By STEPHAN BISAHA
Alayna Nelson, a sophomore at Wichita Northwest High School, grew up hearing stories of repeated mass shootings on the news.
“Every single time this happened I always wanted to do something about it,” Nelson said.
Now, Nelson and other students in her generation are taking action against gun violence.
“I feel like I’m finally getting to the age where people will start listening to me,” she said.
The outpouring of students calling for gun control was set off by the recent mass shooting at a high school in Parkland, Florida, which killed 17 students and educators. Students from Marjory Stoneman Douglas High School, where the shooting occurred, have become activists, telling their stories on national news shows and pleading the case for tougher gun laws.
Students said one of their biggest fears is that this issue will fade into the background in the coming weeks or months without any action being taken. That’s what happened after other shootings, including the Sandy Hook Elementary School shooting in 2012 that left 26 dead.
Nelson said the idea of another school shooting occurring without any legislative action “absolutely petrifies me.”
That’s one of the reasons why students across Kansas and the country are planning multiple school walkouts over the next few months. Nelson and other students at Wichita Northwest plan on participating in the April 20 walkout, the 19th anniversary of the Columbine High School shooting.
And if that date passes without action, Nelson says she’ll keep fighting.
“If something doesn’t change I’m going to stay angry,” Nelson said. “I know personally that me and my friends aren’t going to let it go.”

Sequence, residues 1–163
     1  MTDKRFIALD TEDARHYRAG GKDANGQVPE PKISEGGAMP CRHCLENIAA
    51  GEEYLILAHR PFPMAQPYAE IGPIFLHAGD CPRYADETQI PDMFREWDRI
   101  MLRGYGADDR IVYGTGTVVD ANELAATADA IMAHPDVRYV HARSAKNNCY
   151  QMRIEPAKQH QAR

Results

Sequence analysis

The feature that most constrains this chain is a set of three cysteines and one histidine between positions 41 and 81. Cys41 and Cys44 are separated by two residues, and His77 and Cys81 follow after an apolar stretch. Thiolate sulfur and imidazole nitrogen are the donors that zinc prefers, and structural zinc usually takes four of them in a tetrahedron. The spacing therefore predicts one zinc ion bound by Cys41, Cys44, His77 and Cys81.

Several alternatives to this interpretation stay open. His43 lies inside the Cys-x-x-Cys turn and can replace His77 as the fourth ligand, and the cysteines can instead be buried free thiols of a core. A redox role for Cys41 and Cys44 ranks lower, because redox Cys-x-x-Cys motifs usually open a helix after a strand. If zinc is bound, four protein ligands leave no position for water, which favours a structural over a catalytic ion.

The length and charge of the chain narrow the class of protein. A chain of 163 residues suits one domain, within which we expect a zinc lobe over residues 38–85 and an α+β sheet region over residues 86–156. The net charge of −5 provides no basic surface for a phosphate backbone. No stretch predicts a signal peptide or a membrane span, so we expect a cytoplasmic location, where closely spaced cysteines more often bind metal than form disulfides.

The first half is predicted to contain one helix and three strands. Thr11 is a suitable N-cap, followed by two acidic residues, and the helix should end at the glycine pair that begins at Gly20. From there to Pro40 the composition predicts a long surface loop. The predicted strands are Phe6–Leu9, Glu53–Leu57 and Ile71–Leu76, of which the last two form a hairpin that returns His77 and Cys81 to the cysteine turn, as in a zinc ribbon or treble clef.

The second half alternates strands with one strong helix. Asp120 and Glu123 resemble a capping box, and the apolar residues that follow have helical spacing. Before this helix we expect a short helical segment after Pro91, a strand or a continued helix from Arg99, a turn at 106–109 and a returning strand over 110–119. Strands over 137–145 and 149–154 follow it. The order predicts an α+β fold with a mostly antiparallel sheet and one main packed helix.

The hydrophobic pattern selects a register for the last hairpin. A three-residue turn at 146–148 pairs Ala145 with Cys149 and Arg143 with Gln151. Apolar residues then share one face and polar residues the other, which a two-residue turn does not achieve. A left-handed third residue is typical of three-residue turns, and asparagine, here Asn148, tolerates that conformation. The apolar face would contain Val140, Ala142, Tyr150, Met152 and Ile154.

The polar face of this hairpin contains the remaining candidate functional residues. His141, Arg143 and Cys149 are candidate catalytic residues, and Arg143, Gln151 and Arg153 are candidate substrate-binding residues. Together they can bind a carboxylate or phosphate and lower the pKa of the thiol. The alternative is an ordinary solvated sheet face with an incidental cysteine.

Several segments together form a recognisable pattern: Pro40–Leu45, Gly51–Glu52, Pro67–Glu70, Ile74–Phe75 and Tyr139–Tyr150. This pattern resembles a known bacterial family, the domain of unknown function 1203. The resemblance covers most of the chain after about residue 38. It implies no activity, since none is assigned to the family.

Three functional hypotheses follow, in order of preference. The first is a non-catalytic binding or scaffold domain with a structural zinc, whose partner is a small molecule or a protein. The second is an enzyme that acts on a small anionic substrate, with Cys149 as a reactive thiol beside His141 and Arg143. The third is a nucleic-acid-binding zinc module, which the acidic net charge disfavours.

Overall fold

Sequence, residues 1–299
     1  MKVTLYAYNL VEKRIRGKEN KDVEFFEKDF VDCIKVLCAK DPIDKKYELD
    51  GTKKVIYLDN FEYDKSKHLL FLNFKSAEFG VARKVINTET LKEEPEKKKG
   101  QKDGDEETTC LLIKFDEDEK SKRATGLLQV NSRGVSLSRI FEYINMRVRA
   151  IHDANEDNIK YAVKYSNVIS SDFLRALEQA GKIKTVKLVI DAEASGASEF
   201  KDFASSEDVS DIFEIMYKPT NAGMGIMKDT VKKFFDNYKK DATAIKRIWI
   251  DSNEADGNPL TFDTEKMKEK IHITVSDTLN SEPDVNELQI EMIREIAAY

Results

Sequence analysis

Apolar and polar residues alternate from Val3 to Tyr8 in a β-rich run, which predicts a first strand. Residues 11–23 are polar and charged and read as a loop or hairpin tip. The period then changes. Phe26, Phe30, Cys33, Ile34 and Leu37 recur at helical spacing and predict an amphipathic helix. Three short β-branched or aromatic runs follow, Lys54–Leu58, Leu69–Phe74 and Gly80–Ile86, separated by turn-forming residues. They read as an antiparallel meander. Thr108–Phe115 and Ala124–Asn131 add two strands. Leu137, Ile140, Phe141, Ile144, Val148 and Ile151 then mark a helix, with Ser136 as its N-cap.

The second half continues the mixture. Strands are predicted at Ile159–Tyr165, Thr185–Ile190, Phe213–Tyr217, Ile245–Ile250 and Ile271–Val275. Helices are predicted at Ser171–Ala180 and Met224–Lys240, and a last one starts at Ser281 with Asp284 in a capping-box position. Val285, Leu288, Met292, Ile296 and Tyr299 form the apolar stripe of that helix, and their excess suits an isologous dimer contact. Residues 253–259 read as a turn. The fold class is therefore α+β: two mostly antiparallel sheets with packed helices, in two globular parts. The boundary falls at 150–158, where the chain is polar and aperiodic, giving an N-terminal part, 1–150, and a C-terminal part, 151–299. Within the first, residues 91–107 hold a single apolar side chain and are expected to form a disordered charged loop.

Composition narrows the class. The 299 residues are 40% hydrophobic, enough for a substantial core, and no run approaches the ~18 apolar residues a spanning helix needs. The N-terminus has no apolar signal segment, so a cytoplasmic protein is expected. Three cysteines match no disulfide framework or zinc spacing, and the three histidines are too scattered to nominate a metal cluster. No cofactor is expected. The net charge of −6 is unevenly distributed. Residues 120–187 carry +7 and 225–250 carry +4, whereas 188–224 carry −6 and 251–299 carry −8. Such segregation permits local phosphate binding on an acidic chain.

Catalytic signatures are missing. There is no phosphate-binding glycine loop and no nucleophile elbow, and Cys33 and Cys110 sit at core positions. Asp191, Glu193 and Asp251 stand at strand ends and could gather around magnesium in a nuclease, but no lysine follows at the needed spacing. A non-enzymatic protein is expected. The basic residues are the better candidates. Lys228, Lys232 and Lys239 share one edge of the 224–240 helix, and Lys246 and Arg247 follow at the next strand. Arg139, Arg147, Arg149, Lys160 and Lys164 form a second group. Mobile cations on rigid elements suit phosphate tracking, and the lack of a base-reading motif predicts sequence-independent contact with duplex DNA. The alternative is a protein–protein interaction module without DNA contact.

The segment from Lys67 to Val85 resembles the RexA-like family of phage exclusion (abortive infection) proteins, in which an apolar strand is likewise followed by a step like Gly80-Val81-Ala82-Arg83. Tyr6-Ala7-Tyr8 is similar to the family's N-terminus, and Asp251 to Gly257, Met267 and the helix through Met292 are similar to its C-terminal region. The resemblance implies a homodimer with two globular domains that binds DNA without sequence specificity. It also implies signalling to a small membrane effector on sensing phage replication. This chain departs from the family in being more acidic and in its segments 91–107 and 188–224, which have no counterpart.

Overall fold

Wichita Public Schools officials are aware of the planned walkouts, but have yet to decide how they will be treated. The district has a policy that says walkouts and boycotts are not recognized or permitted.
Some have dismissed the student protests as pushing a left-wing agenda, but Nelson said there is no more unifying issue in the country.
“Because I think everyone in this nation can agree that it should be harder for kids to die in school,” she said.
Still, Nelson said not every student at Wichita Northwest agrees that gun control is the answer. While she estimates about half favor tighter gun laws, she says another 20 percent oppose it.
Other schools see a split in the opposite direction. Connor Moore attends a rural high school where he said “build a wall” chants are common. Moore said the more right-leaning student body makes gun control less of an open subject than it is at Wichita Northwest.
“A lot of time when you want to talk about these kind of things you have to be very quiet,” Moore said.
But Moore said he, alongside other students, still plans on walking out on April 20. He also wants to make sure the gun debate receives national attention until lawmakers approve some form of gun control.
“They’ll say don’t worry, this is all going to fade away really soon, and I don’t want it to happen,” Moore said. “Who is going to stand up?”
Sage Goering, another sophomore at Wichita Northwest, said she is recruiting more students to join her for the April 20 walkout. She said that students have an important voice in the discussion of school shootings.
“We are the victims,” Goering said. “If we understand that there’s a problem then the adults should, too.”